Message from discussion case-sensitivity and identifiers (was Re: Wide character implementation)
Subject: Re: case-sensitivity and identifiers (was Re: Wide character implementation)
References: <email@example.com> <firstname.lastname@example.org> <email@example.com> <firstname.lastname@example.org> <email@example.com> <firstname.lastname@example.org> <email@example.com> <firstname.lastname@example.org> <email@example.com> <firstname.lastname@example.org> <email@example.com> <firstname.lastname@example.org> <email@example.com> <firstname.lastname@example.org>
From: Christopher Browne <cbbro...@acm.org>
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Date: Mon, 25 Mar 2002 22:43:15 -0500
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In the last exciting episode, Erik Naggum <e...@naggum.net> wrote::
> * Michael Parker
> | OTOH, if terminals had gotten color and typefaces earlier, maybe
> | programming languages would have evolved to use them.
> Only if we had also had a stateless coding for them, statefulness being
> so frigthening to the kinds of programmers who are likely to invent new
> | Maybe give each namespace its own color, so you would specify the value
> | of a name by putting it in blue, the function by using red, keywords in
> | italics, macros in green. The mind boggles at the possibilities.
> Especially if they also used XML to write it all, and then we can use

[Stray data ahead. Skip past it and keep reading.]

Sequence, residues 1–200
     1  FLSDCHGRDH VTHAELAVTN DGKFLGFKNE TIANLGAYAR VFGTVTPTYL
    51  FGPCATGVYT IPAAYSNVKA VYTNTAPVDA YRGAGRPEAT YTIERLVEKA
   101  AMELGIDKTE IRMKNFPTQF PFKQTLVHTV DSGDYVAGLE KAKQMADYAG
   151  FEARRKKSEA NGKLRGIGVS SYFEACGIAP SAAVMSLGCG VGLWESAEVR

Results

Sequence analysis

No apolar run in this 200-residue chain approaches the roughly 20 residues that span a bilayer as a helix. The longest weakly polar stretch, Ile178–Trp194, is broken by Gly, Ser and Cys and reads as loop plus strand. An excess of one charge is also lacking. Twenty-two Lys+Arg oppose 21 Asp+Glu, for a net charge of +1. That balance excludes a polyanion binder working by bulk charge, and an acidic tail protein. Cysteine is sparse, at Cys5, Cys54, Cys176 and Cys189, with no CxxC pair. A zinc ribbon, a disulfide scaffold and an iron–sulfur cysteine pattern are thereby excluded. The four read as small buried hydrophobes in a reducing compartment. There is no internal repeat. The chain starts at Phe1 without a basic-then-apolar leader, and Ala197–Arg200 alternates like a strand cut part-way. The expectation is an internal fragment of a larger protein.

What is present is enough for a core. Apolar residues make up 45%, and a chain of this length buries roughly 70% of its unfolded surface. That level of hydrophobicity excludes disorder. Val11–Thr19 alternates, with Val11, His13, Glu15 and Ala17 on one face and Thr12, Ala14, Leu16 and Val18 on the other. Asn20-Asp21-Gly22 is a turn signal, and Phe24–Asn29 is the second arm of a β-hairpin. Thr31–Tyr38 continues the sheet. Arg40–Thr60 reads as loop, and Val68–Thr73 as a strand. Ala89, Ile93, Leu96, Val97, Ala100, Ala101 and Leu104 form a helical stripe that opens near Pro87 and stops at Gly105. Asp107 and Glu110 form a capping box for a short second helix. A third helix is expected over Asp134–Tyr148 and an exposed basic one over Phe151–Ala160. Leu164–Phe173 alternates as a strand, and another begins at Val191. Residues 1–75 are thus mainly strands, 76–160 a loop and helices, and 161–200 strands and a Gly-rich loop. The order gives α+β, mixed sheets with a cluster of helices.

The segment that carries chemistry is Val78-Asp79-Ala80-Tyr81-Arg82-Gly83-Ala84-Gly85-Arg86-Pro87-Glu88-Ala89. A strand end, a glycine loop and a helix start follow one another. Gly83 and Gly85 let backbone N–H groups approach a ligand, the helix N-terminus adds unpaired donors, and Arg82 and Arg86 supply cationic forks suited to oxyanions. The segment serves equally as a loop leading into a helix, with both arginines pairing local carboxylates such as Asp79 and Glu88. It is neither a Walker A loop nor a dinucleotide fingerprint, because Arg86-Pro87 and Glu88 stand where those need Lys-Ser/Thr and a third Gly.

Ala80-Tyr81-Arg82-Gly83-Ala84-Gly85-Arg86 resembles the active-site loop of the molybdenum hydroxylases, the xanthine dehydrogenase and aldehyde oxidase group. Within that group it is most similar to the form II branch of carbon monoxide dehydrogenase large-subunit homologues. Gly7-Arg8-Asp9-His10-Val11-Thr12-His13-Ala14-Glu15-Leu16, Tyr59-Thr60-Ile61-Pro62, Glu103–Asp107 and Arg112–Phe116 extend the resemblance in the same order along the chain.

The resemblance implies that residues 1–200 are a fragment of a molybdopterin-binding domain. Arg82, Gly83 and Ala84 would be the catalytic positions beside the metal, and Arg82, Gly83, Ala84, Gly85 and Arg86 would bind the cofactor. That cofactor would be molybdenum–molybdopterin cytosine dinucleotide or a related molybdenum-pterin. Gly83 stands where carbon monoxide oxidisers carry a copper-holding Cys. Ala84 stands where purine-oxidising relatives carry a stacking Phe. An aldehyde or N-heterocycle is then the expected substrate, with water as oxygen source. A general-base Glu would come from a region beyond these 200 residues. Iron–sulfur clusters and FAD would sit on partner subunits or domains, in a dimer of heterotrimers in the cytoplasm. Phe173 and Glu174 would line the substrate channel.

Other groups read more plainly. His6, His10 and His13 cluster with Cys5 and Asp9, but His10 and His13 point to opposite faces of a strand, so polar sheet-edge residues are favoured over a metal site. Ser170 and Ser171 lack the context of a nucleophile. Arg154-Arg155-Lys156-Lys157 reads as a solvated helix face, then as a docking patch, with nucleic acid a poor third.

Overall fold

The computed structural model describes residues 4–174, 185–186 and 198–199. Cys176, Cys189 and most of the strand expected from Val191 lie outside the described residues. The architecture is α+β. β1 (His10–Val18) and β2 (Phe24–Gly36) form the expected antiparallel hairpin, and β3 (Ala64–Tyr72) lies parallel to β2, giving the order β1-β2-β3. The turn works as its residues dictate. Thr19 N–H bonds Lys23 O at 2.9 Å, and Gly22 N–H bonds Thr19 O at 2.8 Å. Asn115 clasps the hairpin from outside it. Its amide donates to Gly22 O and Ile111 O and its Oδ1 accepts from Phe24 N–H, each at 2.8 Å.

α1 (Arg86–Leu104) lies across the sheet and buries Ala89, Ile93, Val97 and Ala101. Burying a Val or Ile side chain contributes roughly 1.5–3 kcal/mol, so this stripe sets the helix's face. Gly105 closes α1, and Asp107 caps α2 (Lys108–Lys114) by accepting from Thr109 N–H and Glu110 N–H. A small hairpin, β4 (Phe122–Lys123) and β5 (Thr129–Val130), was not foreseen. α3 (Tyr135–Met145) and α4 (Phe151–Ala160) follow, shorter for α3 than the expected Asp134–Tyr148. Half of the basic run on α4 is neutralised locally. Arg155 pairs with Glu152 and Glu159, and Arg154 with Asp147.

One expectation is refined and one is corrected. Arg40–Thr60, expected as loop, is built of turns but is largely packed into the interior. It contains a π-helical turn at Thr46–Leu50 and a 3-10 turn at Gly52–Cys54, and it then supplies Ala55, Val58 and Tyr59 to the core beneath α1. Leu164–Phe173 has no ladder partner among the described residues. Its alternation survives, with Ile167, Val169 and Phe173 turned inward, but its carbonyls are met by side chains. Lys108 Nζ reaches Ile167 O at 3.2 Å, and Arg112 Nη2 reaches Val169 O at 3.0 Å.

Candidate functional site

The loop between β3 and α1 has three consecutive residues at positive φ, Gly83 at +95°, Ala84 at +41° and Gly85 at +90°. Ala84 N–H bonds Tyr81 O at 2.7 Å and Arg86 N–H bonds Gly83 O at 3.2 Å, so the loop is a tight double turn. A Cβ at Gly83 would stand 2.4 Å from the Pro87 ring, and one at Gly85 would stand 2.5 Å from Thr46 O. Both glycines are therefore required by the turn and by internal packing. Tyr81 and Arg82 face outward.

> cascading style sheets to control both background and foreground color.
> And programmers would have be selected from those who are not color
> blind. This is unlikely to succeed, since the current selection from
> those who can spell has not been successful, either, and that is at least
> something you can learn.
> Thanks for the URL, though. My mind boggles at statements like these:
> "With the huge RAM of modern computers, an operating system is no longer
Yes, that seems rather a strange comment.
Note that one of Moore's more-publicized quasi-recent projects
involved building a CAD system for designing microprocessors.
His approach was to basically write the application-cum-operating
system based on a tiny kernel of Forth instructions which basically
meant he started with 80486 assembler, and built on top of that.
Apparently it offered vast opportunities to avoid all kinds of cruft
that tends to get built into CAD systems, but what it really amounted
to was that he built his system as an embedded system on top of bare
I think a lot of his argument is that people keep building cruft on
top of cruft, when they might be better off with a _good_ embedded
Consider the horrors of MS Office: We might be better off if, instead
of continually being mandated by the latest bloatware upgrade to
upgrade their system to the latest "Pentium IV with more memory than
anyone could _conceive_ of ten years ago," people bought cheap
electronic typewriters with bare bits of computing power.
If people spent their time _typing_, instead of trying to figure out
which menu allows them to change some bit of formatting, they might
get more work done. Consider that back in the old days, Unix used to
run in 128K words of memory, and CP/M machines could handle word
processing, spreadsheets, and databases in 56K of RAM. The notion
that you need 256MB of RAM to realistically Windows XP should be
In any case, Moore is a fascinating character. He is perhaps not
always to be taken seriously, but he's had more inspired ideas than
most people ever learn about...
(reverse (concatenate 'string "gro.mca@" "enworbbc"))
"Cars move huge weights at high speeds by controlling violent
explosions many times a second. ...car analogies are always fatal..."